By Neil Bayley, Executive Director, Good Relations
Increasingly, companies are seeing the value of thought leadership in helping them strengthen their employer brands. Campaign content can be a sharp tool to engage prospective candidates and spark their interest in what their future career might feel like in a forward looking, market leading organisation.
We know from our client base that technology and engineering businesses are going head to head for the same kind of people - the problem solvers, the software engineers and the coders who have the vision and skills to create our future. In such a competitive landscape, vision, purpose and values can be a real differentiator. For some younger generations, even greater than future earnings potential.
But some sectors have a clear reputation handicap. The nature of their products means potential employees might see sectors such as defence, pharmaceuticals and petrochemicals businesses beyond their ethical boundaries. But the challenge goes deeper than product level. For example, public perception of the defence sector has been undermined by secrecy and corruption scandals.
But defence is not alone. At Good Relations, we recently took a look at how three leading businesses facing reputation challenge – Shell, Facebook and Philip Morris International – have responded to draw some insights.
In this first blog, we share our thoughts on how Shell is addressing the challenge. The oil industry has been hindered by a reputation for ruthlessly exploiting energy resources at the expense of the environment. Like defence, there have been accusations of corruption, compromised ethics and cover-up.
In seeking to make Shell a place where people want to work, the business has recognised that while it can’t stop drilling for oil, it can start working to become part of the future energy solution. Shell has recognised two important truths: that oil alone will not be enough to meet the world’s energy demands; and that the industry needs to find cleaner less intensive sources of energy. And it’s started talking about them.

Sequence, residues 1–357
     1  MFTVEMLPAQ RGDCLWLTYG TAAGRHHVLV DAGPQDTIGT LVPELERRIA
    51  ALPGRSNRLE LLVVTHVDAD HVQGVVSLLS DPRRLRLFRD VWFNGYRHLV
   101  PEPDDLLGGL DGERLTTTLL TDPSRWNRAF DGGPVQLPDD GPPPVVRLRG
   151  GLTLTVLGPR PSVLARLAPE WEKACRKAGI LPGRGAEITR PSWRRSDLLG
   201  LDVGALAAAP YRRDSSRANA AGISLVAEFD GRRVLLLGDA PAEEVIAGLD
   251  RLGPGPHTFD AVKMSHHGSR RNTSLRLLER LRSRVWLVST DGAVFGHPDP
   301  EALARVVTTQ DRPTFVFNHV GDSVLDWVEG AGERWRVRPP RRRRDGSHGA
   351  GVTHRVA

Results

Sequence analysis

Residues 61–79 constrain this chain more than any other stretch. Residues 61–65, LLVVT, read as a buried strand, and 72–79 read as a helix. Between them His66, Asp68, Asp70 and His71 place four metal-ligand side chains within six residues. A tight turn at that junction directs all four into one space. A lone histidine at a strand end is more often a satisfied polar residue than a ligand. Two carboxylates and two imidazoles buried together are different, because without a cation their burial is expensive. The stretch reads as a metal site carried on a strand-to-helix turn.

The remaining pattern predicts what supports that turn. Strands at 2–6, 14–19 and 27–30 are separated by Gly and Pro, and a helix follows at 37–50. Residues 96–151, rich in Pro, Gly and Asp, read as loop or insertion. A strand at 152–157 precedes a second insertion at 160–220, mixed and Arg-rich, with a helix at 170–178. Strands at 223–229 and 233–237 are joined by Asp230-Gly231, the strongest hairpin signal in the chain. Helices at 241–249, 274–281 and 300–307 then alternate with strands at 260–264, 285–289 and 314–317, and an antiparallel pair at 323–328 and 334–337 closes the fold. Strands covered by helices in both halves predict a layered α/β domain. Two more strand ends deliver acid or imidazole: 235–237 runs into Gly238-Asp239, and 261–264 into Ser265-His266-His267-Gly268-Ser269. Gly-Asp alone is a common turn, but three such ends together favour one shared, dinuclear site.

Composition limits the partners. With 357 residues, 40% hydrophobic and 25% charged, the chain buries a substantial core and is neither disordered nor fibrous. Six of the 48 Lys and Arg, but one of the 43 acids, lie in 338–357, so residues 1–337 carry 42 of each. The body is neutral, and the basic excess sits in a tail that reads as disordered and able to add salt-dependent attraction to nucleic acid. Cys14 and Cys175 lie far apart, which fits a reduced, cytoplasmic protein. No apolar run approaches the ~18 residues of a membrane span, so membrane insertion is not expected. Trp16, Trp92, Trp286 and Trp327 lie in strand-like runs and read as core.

Shell has shifted a large part of its thought leadership on to the quest for new energy sources. It talks continuously and with conviction about the challenges energy consumption, and therefore its own business, creates for the environment and sustainability. It has even begun linking its executive pay to reducing emissions. Rather than being defensive about the future impact of its sector, Shell has sought to embrace and own the challenge.
I think this highlights how modern businesses in scrutinised sectors need to connect their agenda with a positive vision and purpose. This helps them rationalise and sustain activities to drive commercial performance in the short term, whilst evolving their strategy to tackle the challenges facing their business, sector and society in the longer term. And that reflects the first step of our thought leadership model – 1. Prioritise Long Term Effects.
We’ll share our thoughts on Facebook next week, in the second blog of this series looking at how industry leaders in scrutinised sectors are recognising the role thought leadership can play in helping strengthen their employer brands.